Reimer: Book now. Get your name on a list and put down a refundable deposit – there is literally no risk in doing so. But if you wait a year and think you’re going to get the cruise and cabin you want at the price you want, you’re going to be disappointed.
Sturman: We also have to be honest with our clients about what we don’t know.
Archer: I’m using this experience as an opportunity to get clients cabins they never might normally get. We are booking a lot of our clients in suites with private pools, decks and experiences they can get right in their cabin so they don’t have to interact with other people if they don’t want to.
What are your thoughts on how the U.S. and Canadian governments have handled their response to the suspension of cruise travel?
Reimer: We were certainly surprised that there would be no ships here until next year. But I think we’re just resigned to the fact that it’s out of our control. I also think that for some clients, there was a sense of relief that they didn’t have to make the decision themselves of whether or not to go.
Sturman: I believe you have to trust the science. It’s hard to get angry if this is what the experts think is necessary.
Archer: I think that if the cruise lines feel confident about their ability to sail safely, we should trust them to make those decisions. I also think that there are options that would and could make it safe. For example, just cruising to the cruise line’s private island with no other stops.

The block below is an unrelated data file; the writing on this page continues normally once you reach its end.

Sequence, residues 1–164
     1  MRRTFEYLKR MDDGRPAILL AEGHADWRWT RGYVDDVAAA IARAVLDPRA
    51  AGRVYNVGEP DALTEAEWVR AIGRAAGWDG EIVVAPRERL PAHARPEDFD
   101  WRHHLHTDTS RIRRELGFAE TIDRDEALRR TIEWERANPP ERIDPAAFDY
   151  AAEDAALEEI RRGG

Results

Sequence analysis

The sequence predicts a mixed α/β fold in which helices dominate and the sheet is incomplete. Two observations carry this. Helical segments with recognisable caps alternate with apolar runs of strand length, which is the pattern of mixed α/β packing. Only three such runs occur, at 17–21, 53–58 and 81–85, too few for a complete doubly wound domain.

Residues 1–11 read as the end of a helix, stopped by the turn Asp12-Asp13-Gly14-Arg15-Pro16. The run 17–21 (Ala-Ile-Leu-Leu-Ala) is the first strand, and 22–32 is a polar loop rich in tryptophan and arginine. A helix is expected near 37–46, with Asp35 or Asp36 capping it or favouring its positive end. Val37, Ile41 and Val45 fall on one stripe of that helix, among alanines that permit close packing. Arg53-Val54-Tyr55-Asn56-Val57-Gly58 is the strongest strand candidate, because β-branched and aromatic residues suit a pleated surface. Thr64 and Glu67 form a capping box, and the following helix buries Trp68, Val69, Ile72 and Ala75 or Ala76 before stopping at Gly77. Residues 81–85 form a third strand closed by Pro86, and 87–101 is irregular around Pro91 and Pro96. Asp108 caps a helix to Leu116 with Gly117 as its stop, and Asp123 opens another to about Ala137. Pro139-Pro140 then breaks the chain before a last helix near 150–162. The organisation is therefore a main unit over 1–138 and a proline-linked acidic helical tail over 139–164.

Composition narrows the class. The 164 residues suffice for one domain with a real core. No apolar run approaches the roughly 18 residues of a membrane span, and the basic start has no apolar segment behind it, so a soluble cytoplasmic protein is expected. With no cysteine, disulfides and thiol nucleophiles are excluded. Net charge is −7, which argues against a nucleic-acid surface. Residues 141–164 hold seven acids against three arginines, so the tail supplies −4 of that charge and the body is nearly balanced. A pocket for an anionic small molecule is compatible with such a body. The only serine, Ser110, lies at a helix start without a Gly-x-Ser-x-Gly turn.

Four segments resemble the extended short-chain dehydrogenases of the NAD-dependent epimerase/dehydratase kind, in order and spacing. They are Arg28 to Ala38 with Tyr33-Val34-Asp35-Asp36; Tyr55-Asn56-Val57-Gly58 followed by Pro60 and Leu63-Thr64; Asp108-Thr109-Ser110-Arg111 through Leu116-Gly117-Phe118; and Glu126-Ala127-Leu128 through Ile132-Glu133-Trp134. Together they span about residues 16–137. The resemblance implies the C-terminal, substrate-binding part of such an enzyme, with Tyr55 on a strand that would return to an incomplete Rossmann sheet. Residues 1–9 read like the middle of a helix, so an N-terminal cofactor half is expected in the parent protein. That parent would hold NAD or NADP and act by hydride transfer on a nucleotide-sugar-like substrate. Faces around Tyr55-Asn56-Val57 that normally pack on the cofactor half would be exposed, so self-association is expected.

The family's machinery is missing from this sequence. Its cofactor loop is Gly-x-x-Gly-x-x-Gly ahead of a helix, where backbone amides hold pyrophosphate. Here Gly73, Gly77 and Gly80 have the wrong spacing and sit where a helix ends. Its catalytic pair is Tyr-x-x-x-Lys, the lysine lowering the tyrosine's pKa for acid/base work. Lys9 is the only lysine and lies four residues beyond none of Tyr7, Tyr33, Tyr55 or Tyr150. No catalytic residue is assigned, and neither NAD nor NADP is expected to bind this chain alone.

Are you seeing increased interest in River Cruising or Smaller Ships?
Reimer: We are booking a lot of river cruises, but these are mainly people who have previously taken them. We are seeing a lot more interest in the smaller ships. One significant change since the pandemic started is that I have not booked one inside cabin. Everyone wants a balcony or some kind of outdoor space.
Sturman: My ocean cruise clients are not necessarily interested in changing to river cruising, but we are seeing increased interest in moving to a smaller ocean ship experience.
Archer: Most of my clients are reluctant to book river cruises right now and it’s mainly because they are still concerned about the travel restrictions to Europe. We are seeing more interest in the Caribbean and Bahamas. Even for those travellers who are sailing on the larger ships, we are focused more on the “ship within the ship” experience.
Are your clients ready to go now or do they want to see how it goes with those first sailings?
Reimer: For Manitobans, I think they will wait a bit. While cruisers are the most loyal travellers, they just aren’t ready just yet – but we think things are going to be crazy in 2022.
Archer: Now! I have a list that is pages long of people who want to be on the first cruise. They don’t care what they will have to do, even for those who are vaccine-reluctant will get it if it means they can take a cruise.
Sturman: It’s a little different here in the Northeast. Our clients – who skew a little older – really want to get away, but they aren’t ready to go now and are happy to wait until 2022.
***Please note responses were edited for brevity.